14.2. JSON Data#

JavaScript Object Notation (JSON) is a popular format for exchanging data on the web. This plain-text format has a simple and flexible syntax that aligns well with Python dictionaries, and it is easy for machines to parse and people to read.

Briefly, JSON has two main structures, the object and the array:


Like a Python dict, a JSON object is an unordered collection of name-value pairs. These pairs are contained in curly braces; each is formatted as "name":value, and separated by commas.


Like a Python list, a JSON array is an ordered collection of values contained in square brackets, where the values are unnamed and separated by commas.

The values in an object and array can be of different types and can be nested. That is, an array can contain objects and vice versa. The primitive types are limited to string in double quotes; number in text representation; logical as true or false; and null.

The following short JSON file demonstrates all of these syntactical features:

 "status":[2, 1, 3], 
 "sponsored": false, 
 "sponsor_name": null,
 "lender_dem":{"sex":"m","age":77 } 

Here we have an object that contains six name-value pairs. The values are heterogeneous; four are primitive values: string, number, logical, and null. The status value consists of an array of three (ordered) numbers, and lender_dem is an object with demographic information.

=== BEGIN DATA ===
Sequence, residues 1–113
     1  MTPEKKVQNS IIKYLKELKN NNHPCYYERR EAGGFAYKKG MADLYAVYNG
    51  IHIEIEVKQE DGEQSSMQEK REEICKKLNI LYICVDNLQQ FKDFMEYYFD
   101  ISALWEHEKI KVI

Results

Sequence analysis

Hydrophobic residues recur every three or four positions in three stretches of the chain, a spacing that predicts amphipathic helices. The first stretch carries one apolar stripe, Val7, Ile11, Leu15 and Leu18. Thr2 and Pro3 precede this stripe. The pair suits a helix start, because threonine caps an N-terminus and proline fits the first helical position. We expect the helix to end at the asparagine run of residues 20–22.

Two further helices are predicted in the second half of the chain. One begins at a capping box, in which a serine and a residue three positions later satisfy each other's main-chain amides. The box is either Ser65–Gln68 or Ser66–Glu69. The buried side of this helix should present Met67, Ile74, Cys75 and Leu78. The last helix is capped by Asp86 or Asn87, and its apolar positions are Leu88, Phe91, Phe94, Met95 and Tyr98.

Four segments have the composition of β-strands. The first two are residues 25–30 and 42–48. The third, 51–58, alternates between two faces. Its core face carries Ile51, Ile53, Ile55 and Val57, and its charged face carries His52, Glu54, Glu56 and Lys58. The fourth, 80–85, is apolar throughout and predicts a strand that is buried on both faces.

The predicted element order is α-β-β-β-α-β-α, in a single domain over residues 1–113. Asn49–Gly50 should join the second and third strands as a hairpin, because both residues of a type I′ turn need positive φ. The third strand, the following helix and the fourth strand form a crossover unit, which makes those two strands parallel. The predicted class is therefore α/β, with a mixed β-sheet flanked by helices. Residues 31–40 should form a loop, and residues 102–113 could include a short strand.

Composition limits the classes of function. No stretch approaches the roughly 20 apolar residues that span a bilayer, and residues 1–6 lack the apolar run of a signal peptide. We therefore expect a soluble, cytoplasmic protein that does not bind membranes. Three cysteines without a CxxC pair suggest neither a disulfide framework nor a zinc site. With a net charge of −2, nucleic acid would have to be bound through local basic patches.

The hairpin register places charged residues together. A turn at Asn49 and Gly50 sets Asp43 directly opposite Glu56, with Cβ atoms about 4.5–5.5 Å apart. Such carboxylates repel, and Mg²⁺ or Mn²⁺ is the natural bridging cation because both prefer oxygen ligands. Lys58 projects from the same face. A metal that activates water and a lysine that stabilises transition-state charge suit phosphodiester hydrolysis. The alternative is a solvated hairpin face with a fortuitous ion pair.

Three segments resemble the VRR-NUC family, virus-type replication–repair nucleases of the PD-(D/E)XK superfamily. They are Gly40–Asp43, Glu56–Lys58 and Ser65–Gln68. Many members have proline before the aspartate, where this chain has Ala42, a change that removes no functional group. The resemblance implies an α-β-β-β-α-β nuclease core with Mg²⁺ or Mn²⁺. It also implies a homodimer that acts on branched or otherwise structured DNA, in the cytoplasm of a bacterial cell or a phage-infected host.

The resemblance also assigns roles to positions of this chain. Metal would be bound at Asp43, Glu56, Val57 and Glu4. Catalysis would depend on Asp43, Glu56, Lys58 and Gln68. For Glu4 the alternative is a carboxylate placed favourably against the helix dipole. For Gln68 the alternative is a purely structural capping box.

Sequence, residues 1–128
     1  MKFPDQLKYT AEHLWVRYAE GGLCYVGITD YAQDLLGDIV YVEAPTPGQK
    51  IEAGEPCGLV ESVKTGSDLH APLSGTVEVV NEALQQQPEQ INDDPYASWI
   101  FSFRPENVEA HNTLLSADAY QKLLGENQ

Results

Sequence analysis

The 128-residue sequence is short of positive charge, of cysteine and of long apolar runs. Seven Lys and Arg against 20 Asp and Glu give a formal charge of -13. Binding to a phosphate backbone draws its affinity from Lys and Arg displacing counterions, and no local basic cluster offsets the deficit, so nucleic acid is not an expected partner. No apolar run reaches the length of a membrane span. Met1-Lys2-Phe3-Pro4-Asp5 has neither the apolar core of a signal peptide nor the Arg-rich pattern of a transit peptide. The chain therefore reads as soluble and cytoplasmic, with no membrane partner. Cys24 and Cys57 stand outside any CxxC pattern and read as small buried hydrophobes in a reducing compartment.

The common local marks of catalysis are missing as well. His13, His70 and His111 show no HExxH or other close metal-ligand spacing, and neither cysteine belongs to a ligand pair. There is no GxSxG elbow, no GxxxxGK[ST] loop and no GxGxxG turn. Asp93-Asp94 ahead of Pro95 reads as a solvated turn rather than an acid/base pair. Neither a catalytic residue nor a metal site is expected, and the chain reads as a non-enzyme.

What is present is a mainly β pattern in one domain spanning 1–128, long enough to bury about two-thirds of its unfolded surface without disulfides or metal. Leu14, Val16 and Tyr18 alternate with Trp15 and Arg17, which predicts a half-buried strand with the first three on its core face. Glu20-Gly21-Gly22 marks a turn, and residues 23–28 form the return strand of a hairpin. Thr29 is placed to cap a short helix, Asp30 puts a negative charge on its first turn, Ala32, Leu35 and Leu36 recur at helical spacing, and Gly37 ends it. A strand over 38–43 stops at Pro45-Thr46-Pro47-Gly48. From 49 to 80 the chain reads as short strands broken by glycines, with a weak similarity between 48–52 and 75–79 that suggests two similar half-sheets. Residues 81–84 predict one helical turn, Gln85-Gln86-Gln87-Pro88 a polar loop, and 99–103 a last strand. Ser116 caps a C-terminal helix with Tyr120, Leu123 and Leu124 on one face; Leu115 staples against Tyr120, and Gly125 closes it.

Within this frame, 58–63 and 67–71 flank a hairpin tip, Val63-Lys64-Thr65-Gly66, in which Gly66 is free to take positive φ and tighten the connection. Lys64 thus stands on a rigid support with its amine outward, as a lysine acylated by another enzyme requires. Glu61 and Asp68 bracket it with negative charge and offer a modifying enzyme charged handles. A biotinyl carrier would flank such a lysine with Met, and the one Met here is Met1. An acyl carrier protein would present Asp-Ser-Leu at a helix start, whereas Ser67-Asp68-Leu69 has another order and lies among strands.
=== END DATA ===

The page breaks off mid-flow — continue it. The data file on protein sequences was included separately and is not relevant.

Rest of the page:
The built-in json package can be used to work with JSON files in Python. For example, we can load this small file into a Python dictionary:

import json
from pathlib import Path

file_path = Path() / 'data' / 'js_ex' / 'ex.json'
ex_dict = json.load(open(file_path))
{'lender_id': 'matt',
 'loan_count': 23,
 'status': [2, 1, 3],
 'sponsored': False,
 'sponsor_name': None,
 'lender_dem': {'sex': 'm', 'age': 77}}

The dictionary matches the format of the Kiva file. This format doesn’t naturally translate to a data frame. The json_normalize method can organize this semistructured JSON data into a flat table:

ex_df = pd.json_normalize(ex_dict)
lender_id loan_count status sponsored sponsor_name lender_dem.sex lender_dem.age
0 matt 23 [2, 1, 3] False None m 77

Notice how the third element in this one-row data frame is a list, whereas, the nested object was converted into two columns.